From Boring to Enchanting – A Case For Repurposing

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There always seems to be one troublesome area in a garden, and in the case of this beautiful Georgian-style home it used to be the area behind the house. The home is set back on the property, with a long strip of garden behind it that had no immediate purpose, and which had possibly been used by the previous owners as their utility area.

It’s not uncommon for an area that is not visible to remain neglected, and yet with a bit of repurposing the space can be turned into something quite enchanting. This is exactly what happened when design team John and Tanya Keating from Tandi Projects were tasked by the owner to create a formal, low-maintenance garden in the back in keeping with the rest of their design.

Repurposing a Tired Space

The design team immediately identified the spot outside the kitchen as ideal for an al fresco dining area. It was the perfect place – convenient for the host and sheltered by the building. The area was paved and covered by a pergola that supports the charming ‘Catawba’ grape (Vitis Labrusca).

The remaining length of property is divided into three distinct areas to complement the proportions of the home. A low hedge of Magenta Lilly Pilly (Syzygium Paniculatum) defines the length and the structure for each of the divisions.

A row of violet pea (Baphia Racemosa) planted in the lawn in front of the dining area provides light shade and helps to filter the odd unruly breeze from the south. This tree-lined section of the garden leads left to the elegant swimming pool and right to a formal contemplative area, beyond which is a herb garden.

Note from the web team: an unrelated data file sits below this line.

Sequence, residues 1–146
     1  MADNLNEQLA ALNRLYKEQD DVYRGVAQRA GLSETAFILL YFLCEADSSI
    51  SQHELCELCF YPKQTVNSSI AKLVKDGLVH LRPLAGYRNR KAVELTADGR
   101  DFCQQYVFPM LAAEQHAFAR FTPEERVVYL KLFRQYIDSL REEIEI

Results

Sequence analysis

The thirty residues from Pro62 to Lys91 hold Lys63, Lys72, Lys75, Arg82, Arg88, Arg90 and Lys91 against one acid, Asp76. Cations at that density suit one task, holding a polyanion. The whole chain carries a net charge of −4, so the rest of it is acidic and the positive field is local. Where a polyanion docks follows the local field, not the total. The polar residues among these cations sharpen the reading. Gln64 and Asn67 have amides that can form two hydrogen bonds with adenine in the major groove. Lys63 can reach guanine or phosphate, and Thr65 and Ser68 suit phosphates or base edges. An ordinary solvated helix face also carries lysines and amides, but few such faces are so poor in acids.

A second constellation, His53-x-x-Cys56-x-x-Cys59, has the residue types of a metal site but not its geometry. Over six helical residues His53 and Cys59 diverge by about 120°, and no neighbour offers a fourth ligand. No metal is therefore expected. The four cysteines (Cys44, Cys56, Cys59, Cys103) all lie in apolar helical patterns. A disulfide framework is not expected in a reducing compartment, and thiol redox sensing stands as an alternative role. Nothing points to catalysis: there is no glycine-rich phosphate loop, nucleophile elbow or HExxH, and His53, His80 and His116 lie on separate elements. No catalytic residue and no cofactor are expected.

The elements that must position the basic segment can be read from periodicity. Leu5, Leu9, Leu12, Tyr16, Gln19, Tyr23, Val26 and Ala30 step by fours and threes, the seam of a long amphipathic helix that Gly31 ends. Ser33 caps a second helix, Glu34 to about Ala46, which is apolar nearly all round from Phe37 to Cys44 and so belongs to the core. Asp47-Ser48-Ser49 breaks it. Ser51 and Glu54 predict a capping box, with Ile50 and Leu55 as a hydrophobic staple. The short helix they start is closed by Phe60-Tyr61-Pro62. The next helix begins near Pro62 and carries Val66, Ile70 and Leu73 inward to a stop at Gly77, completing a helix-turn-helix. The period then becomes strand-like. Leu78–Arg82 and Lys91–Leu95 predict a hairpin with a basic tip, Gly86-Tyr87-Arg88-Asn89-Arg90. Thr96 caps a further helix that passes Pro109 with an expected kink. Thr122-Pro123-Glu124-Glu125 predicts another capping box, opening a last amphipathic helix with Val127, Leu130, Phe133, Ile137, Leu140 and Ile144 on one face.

The planting areas in the contemplative garden are defined by a low hedge of common box (Buxus Sempervirens) with standard ‘Iceberg’ roses, Japanese Anemones and the low-growing pink ‘My Granny’ rose on the left, and clipped ficus standards with variegated Mondo grass (Ophiopogon Japonicus ‘Silver Mist’) on the right. Star Jasmine (Trachelospermum Jasminoides) covers the arch at each end of this immaculate formal garden, filling the summer evenings with their heady scent.


A direct path of pavers, intersected with a small sunken water feature, leads through the contemplative area to the herb garden beyond the second arch. Here the design team tucked an intimate seating arrangement against the perimeter wall. The café-style furniture is backed by a mirror that not only reflects the light but also lengthens the space when you view it from afar. A second mirror against one of the walls under the pergola performs a similar function.

Despite the fact that the front and back gardens are quite separate, the formal theme unites both spaces beautifully. Classic ornamentation and soft plantings of roses, Mexican Bush Sage (Salvia Leucantha) and white Gaura (Gaura Lindheimeri) were used to create uniformity throughout.


The design team commented that while the back garden had initially provided a challenge, once they had apportioned practical functions to the space by repurposing items, everything had fallen into place. The owner, of course, is delighted with the results

The Gardener